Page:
By Rick Coates
Mess with Christos Piliafas and youre asking for a whoopin -- either
that or some good advice on how to get in shape: Christos was voted Best
Fitness Instructor by Express readers in a recent poll.
Piliafas is a Mixed Martial Artist (MMA cage fighter) who competes in the
ring and also trains other athletes at his gym Great Lakes Mixed Martial
Arts in Traverse City.
He currently holds a Brown Belt in a Brazilian form of Jiu Jitsu and is
also a certified Russian Sambo instructor.
He grew up in Flint where he was an all-state athlete in several sports at
Flint Central. After graduation he moved to Traverse City (he had family
living here) and managed a sporting goods store before eventually
opening his own gym. Piliafas is not only a promoter of MMA but of general
physical fitness and good health.
He sat down and gave an overview of his training philosophy and why MMA is
enjoying so much popularity.
Northern Express: Whats new with Great Lakes MMA?
Christos Piliafas: We are moving to a new 6,500 square foot facility on
Park Drive in Traverse City near Art Van. This is more than twice the size
of the facility we are currently in. We just outgrew our previous
location and a big part of that has to do with all the kids that are
signing up for our programs.
NE: So kids are participating in the Mixed Martial Arts?
Piliafas: Well, classes like Brazilian Jiu Jutsu that will eventually help
them if they decide to compete in MMA events. But you have to be 17 to
compete in MMA events.
NE: Do you think MMA is going to replace boxing someday?
Piliafas: Well it is hard to say. Soccer is popular all over the world,
but in America football still rules, despite soccer growing. MMA has grown
lots -- at first it was not socially accepted -- but that is changing and
now people are actually looking at the sport and starting to understand
that. This sport is not about two guys in a cage trying to kill each
other; there is a lot of technique involved. This is essentially a human
NE: To what do you attribute all the growth in MMA?
Piliafas: Well, from a spectator standpoint I hear from people all the
time there is no way they ever would attend a match -- that it is too gory
and it is just a bunch of thugs trying to kill themselves. Then typically
what happens is they might see it first on TV and they start getting
intrigued and before you know it they come out to a match. Once they see a
match live they are hooked. They see these fighters as athletes and that a
tremendous amount of skill and training is required to be successful.
NE: Take us through the training process.
Piliafas: Cardio is king. There is an old saying that it doesnt matter
how fast a car is if you dont have the gas to drive it. The training is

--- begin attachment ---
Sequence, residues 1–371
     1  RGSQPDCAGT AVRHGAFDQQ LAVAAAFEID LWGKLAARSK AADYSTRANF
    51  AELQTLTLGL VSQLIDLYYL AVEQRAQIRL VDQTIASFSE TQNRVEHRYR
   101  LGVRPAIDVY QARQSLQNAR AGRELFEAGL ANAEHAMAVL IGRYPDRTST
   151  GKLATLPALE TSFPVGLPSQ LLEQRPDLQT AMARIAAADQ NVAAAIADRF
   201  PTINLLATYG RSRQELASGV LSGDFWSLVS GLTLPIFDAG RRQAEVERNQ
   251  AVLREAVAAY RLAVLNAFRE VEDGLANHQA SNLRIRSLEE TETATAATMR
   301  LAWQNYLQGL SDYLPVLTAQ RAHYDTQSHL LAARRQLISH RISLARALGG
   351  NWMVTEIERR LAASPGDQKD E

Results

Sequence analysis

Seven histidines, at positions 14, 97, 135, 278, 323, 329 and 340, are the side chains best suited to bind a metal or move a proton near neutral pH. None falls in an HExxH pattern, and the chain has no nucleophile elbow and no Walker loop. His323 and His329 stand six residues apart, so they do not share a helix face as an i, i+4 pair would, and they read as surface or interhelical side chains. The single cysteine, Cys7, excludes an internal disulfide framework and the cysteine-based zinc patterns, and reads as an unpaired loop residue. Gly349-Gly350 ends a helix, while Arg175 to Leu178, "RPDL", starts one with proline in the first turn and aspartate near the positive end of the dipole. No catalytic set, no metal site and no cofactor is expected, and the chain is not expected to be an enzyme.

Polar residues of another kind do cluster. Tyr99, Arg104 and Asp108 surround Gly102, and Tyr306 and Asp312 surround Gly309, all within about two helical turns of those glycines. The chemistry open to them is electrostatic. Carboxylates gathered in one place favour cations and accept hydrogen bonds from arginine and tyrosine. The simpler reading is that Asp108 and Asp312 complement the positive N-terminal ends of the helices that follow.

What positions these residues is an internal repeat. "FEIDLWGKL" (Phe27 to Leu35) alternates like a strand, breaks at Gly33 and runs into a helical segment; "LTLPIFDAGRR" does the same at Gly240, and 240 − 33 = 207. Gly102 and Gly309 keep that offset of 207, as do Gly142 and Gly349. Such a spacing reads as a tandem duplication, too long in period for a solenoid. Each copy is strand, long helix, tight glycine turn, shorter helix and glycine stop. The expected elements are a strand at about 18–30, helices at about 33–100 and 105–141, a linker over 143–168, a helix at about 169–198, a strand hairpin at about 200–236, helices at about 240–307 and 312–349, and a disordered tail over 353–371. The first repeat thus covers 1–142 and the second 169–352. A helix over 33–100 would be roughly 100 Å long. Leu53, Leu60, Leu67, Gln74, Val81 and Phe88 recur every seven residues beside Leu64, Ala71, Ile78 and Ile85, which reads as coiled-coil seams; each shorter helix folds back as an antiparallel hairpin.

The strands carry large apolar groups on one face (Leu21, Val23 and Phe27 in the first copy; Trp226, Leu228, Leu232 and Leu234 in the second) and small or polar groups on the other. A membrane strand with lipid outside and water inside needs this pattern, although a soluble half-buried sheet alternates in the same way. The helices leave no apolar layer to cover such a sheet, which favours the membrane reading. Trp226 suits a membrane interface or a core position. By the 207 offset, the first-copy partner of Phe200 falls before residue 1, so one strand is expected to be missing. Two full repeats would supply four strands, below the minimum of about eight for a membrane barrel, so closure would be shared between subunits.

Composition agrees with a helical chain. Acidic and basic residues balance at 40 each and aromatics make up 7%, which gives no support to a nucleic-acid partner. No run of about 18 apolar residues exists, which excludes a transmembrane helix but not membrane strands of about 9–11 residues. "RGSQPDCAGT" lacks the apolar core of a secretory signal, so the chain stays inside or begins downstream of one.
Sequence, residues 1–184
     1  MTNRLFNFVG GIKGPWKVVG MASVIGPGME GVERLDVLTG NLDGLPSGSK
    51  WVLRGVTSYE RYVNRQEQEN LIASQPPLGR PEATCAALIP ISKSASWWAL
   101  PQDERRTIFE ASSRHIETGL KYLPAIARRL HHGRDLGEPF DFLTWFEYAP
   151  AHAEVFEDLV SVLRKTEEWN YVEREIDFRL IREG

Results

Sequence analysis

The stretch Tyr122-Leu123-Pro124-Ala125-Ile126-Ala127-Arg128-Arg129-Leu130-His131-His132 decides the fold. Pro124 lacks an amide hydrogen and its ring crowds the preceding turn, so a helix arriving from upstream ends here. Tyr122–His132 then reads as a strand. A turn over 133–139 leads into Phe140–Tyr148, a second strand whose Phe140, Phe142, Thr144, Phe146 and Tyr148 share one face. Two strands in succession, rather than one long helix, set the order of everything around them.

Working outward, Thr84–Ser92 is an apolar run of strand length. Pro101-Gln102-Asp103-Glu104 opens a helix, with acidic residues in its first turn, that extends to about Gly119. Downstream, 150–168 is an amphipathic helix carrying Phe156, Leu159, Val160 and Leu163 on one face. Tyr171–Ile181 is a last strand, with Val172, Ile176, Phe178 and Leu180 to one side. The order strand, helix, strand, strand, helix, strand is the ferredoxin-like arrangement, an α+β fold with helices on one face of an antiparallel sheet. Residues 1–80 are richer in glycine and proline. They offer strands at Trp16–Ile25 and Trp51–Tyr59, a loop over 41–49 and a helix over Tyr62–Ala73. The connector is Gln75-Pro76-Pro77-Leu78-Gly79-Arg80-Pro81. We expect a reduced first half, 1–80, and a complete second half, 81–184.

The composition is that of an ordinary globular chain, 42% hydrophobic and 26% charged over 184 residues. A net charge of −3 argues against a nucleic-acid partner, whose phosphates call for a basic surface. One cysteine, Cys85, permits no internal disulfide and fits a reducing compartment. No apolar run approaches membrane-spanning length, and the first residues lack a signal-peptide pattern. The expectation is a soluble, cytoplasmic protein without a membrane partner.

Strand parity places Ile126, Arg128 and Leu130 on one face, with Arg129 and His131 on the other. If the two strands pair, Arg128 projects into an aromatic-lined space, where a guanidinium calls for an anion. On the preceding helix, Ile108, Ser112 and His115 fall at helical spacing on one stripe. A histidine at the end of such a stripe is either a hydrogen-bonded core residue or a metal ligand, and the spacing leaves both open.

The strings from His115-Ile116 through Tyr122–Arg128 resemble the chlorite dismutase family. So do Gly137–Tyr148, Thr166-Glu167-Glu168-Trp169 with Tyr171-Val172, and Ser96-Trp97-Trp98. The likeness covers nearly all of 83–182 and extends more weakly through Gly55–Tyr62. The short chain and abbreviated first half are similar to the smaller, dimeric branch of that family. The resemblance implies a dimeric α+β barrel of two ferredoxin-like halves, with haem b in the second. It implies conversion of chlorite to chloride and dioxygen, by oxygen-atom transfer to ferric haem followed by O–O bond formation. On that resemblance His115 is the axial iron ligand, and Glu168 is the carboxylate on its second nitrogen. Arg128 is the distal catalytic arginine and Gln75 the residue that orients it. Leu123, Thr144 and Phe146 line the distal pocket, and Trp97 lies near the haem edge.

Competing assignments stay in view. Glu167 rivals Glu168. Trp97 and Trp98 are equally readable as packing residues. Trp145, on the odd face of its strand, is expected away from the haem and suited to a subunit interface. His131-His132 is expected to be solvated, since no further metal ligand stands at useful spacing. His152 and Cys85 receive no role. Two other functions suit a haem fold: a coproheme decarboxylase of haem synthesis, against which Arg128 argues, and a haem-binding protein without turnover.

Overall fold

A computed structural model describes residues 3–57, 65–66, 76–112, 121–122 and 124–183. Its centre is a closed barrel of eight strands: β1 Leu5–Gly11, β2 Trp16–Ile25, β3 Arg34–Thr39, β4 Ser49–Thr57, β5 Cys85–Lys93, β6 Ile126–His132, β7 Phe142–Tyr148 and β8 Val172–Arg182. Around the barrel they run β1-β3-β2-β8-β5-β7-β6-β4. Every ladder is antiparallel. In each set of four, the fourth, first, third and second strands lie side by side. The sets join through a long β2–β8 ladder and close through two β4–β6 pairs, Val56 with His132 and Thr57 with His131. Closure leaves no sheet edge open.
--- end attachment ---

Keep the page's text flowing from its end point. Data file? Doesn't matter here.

intense -- it is a lot of roadwork -- you are putting a lot of miles in, a
lot of running. The cardio kick-boxing and the MMA crossfit training is a
lot of circuit and kettle ball work. A lot of hand and foot work. Jumping
rope and more. It is about several different exercises that you do
repetitively. You have to be 100% totally dedicated. You cant come in and
just learn how to fight -- you have to condition. There are so many
aspects that you have to be dedicated to from the physical to the mental.
NE: How much do you train?
Piliafas: You train three to six hours a day to get ready to fight. You
dont take days off -- you simply mix up your workouts. So you work
different parts of the body and give another part of the body a day to
I have a fight coming up on April 16 and I am doing two workouts a day. I
come in in the mornings and do cardio and circuit work and the second time
I will do my weight training and something else with a five-hour break in
NE: Is there an age when you are too old?
Piliafas: No, we have guys in their 50s that are MMA fighters. We have
people who do the training and never fight; they just want to be in the
best physical and mental shape possible.
I am working with a guy who needed to lose weight. He has lost 150 pounds
in nine months and never had any intention of getting into the cage and
now he feels so good he wants to give it a try.
NE: What is the biggest stumbling block for people getting themselves in
Piliafas: I think it gets down to dedication. Some people just do not
understand what it takes to be a MMA fighter. If you want to get into this
kind of shape, the way you live your life has to change. You have to get
on a routine and be strict with yourself.
I have people every week come in and say they want to be a MMA fighter --
that they are the baddest street fighter I have ever seen. Then when they
go through one workout they find out it is not easy and they never come
back. You have to take it one day at a time and remember it is so hard to
get into shape and it is so easy to fall out of shape. I think what
happens is one day you wake up and you say, wow how did this happen to me?
Christos Piliafas may be found daily at the Great Lakes MMA gym in its new
location at 1757 Park Drive in Traverse City or by calling 248-755-9979.